A Look at the Good, the Bad, and the Ugly: A Historical Look at the Politics of US Information Warfare

Notes & details behind my 8-minute presentation

Since mid-2022, my primary outlet has been mountainrunner.substack.com. The mountainrunner.us site will continue to exist, and I will occasionally repost articles from my substack here. However, these reposts, like the one you are about to read, will be neither timely nor include all of my substack work. In other words, if you want to follow my writing, I suggest you subscribe to my substack where this post first appeared on 24 April 2023. The substack version of this article includes substantial footnotes that were not copied to the version below.  

I spoke at the #Connexions Conference on Global Media in Diplomacy and Foreign Policy this past Monday. The event was held at the University of Texas at Austin, and while I was remote, Dr. Nick Cull, the discussant, and Jeff Trimble, the moderator, were both in-person. 

The conference keynote was given by Ukrainian Ambassador to the US Oksana Markarova, whose comments are worth your time

Our panel was titled “The Good, the Bad, and the Ugly: A Historical Look at the Politics of US Information Warfare.” We immediately followed the Ambassador’s keynote to provide a kind of scene-setter (at the 1hr mark at the above link). That was the hopeful intent to try to push conversations into either accurate and meaningful invocations of history in support of their arguments or leave aside the history they misread, don’t understand, or invent. One subsequent presentation, for example, checked all three boxes quickly, even as the presenter could have left out their (inaccurate) historical narrative without affecting anything. 

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Recommended Reading: Cull on Lugar’s leadership in America’s leaderless Public Diplomacy

Read Nick Cull’s post on the strategic pause that is today’s American public diplomacy, Lugar To The Rescue: Senate Committee Backs ‘Science Envoy’ Plan:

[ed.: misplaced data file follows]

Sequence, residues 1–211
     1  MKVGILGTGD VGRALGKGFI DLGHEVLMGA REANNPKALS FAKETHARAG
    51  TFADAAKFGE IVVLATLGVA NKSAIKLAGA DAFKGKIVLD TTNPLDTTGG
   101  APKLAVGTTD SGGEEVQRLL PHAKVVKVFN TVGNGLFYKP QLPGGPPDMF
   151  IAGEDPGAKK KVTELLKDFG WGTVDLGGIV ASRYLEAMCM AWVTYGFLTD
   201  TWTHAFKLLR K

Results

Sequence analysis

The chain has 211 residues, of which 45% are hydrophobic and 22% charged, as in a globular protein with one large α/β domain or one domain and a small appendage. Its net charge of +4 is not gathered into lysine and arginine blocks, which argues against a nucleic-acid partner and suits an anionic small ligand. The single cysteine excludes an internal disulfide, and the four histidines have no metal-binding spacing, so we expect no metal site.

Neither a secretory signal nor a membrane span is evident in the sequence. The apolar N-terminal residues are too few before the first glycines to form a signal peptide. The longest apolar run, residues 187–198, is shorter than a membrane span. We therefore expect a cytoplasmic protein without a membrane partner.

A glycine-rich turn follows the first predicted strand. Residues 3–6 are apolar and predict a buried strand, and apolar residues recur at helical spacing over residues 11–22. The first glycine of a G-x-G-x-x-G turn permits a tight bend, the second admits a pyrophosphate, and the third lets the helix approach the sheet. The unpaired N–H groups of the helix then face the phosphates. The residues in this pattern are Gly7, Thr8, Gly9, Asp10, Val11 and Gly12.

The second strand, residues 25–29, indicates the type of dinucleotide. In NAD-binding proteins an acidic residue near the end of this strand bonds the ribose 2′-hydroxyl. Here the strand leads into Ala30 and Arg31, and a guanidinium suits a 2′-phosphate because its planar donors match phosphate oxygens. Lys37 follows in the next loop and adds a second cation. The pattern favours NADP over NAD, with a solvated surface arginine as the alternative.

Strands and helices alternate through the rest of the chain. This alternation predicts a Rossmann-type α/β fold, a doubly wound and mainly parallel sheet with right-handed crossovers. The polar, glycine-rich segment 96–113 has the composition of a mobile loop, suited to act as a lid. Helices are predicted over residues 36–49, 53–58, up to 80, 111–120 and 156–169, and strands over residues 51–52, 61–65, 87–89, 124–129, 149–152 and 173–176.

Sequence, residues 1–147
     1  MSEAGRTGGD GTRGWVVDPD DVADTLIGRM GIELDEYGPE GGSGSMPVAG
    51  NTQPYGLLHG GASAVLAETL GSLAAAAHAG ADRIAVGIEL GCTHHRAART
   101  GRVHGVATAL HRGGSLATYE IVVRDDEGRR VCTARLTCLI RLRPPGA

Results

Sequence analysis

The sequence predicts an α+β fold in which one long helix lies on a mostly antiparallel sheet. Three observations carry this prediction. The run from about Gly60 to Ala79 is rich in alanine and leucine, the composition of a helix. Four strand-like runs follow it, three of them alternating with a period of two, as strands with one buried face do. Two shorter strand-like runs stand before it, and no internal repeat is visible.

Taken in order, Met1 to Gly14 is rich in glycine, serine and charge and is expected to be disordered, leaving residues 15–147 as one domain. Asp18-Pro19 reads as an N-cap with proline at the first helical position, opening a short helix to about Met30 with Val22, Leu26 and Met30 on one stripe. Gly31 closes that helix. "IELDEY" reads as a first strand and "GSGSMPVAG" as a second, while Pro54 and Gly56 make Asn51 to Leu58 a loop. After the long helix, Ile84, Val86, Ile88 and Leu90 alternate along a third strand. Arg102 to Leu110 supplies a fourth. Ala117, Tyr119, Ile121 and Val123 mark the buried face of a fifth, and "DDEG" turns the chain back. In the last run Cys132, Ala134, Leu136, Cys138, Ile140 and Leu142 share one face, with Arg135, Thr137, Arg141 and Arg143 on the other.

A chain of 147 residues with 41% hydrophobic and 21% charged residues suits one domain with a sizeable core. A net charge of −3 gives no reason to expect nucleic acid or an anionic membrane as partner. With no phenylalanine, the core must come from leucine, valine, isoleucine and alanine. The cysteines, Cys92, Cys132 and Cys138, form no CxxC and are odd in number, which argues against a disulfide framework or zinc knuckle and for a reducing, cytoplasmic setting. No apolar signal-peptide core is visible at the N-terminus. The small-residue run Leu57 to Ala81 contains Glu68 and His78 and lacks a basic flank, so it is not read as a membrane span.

Ralph Waldo Emerson famously lamented "How much of human life is lost in waiting" and observers of U.S. public diplomacy these last few months could be forgiven for saying the same thing. While other areas of government have something to show for the first one-hundred days of the Obama administration, formal public diplomacy initiatives have been hard to find. The president himself has led the way admirably with his interview on Al Arabiya, a Nowruz message to Iran and public rejection of landmark Bush excesses, but the Department of State has been slow to follow up. This stands in stark contrast to the crescendo of web 2.0 activity that marked the final months of James Glassman’s tenure as Under Secretary. Indeed, a range of initiatives planned, approved and funded during the Glassman period have been held in limbo pending the arrival of the new Under Secretary, Judith McHale. Bureaucrats are always timid during transitions. This being so, it is especially heartening to see the leadership coming from the Senate in the form of initiatives from the ranking minority member of the Foreign Relations Committee, Dick Lugar.

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Blogging on Public Diplomacy: the UK in the USA

I have been pushing for our  overseas embassies blog, conduct blogger roundtables similar to the Under Secretary’s Blogger Roundtable that was based on a format established by the DOD Blogger Roundtable. And while I was told it is happening in the EUR bureau, I never heard the details.

All the while, the Brits have been doing it here. Andy Pryce, First Secretary Public Affairs Washington (gasp, Public Affairs is Public Diplomacy??), drew my attention to a plethora of FCO blogs around the world. There are parallels here to DipNote, the State Department’s public affairs blog, such as both are published by the respective foreign ministries and both include multiple voices. I think DipNote is doing well and has come along way, but it might look at the FCO effort for tips (including dumping the dark background).

As far as the current (as of this writing) post titled The Importance of Being Credible, I think Nick Cull’s seven steps are missing a tremendously important step (disclosure: I studied under Nick for my Master in Public Diplomacy): understanding. Yes, you must listen, pay attention to the implications of a “say-do” gap, realize you’re operating in a global information environment, etc. But unless you understand what you’re hearing when you listen and the what the target and non-target audiences are hearing when you speak and act, everything else crumbles. This is perhaps the greatest vector that public diplomacy is “not about you” but about them. Especially today, it is not “us versus them” but “them versus them”.

Check out Andy Pryce’s blog and poke around the Foreign Commonwealth Office’s other UK in the USA blogs.